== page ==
Cost cutting measures undertaken by companies across the globe, including freezing of incentives to employees and lower spends on corporate travels have hurt the Meeting, Incentive, Conference and Exhibition tourism segment.
MICE tourism, which accounts for 5-10 per cent of the total revenue of tour operators, has taken the maximum hit during this recession.
Companies in the fast moving consumer goods, insurance and entertainment sectors offer the highest number of MICE trips to employees and sales dealers.
The trips are offered as incentive to achieve sales target. Under the incentive package employees and dealers are allowed to take their families for the trip making it a much sought after reward.
"Companies have stopped MICE trips for their employees and for the sales dealers, they have postponed the trips for two to three months," said Deepak Sharma, general manager, channel sales, yatra.com.
A few companies, including insurance firms, which offer this facility, have entirely stopped the incentive for their external sales associates, travel companies said.
An insurance company, which earlier awarded trips to Thailand to their sales associates on achieving the target of Rs 500, 000, is no longer offering the incentive, said Sunil Bansal, Channel Development Associate of a leading private insurance company.
Travel companies, which have seen a substantial drop in their earnings from the incentive package, said companies have been able to save cost on falling airline fares and hotel tariffs. Still, firms are opting for cheaper packages.
"The overall transactional cost of MICE trips has come down by 35 per cent as companies are buying cheaper packages for their sales teams," Amit Saberwal, vice-president of makemytrip.com said.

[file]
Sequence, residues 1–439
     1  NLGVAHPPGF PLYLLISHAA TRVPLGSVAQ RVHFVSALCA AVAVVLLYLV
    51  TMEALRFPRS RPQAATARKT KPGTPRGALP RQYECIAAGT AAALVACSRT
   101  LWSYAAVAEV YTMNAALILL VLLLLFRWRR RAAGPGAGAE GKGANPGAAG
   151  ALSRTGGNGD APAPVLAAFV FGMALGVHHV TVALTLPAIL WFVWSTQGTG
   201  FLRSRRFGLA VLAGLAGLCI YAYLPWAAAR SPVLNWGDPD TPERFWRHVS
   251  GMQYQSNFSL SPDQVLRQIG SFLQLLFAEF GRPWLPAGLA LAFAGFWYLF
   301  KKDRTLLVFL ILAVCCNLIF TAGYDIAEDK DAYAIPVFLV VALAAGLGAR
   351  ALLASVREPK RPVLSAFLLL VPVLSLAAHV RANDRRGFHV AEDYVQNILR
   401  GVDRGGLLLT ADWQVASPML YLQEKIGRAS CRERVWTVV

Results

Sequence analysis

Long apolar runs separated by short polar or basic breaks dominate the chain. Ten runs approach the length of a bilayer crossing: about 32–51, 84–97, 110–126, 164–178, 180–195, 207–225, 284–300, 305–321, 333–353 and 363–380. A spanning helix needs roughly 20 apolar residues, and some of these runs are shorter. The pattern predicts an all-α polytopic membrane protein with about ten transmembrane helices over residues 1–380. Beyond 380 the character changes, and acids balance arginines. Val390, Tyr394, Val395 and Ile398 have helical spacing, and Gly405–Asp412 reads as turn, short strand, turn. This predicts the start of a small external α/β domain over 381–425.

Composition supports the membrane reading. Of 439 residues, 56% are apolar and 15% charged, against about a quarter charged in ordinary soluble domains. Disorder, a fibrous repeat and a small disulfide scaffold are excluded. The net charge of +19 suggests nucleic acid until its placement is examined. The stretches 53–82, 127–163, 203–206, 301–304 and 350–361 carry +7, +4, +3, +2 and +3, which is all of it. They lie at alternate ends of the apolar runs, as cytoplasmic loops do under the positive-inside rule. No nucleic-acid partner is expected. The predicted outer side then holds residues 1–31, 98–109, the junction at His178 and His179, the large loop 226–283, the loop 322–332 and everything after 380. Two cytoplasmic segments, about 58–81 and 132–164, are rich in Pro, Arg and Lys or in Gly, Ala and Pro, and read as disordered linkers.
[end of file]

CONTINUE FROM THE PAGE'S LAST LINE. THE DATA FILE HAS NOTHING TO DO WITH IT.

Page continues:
STIC travel, which deals with inbound MICE as well, has seen a decline of almost 50 per cent from foreign companies sending their employees to India.
"Indian companies are deferring their trips for the time being and we expect them to take packages from us in the next three month, but the foreign companies have cancelled their trips for this year, said Subhash Goyal, chairman, STIC travel.
Singapore, among the most favoured tourist destinations, gets 40 per cent of its traffic from MICE and company related-travels, has seen a decline in its tourist traffic in 2008 from India.
"Due to the economic downturn, which has dampened consumer sentiment, lowered company spends and affected tourism worldwide, we are definitely seeing a slowdown," Jessie Ling, assistant director, MICE, India of Singapore Tourism Board said. She declined to give specific figures.
Switzerland has also witnessed a 2.4 per cent drop in traffic from India till October 2008.
The MICE market accounts for 5.4 per cent of the overall tourism industry in Switzerland and equals to a value of roughly 640 million Swiss Francs.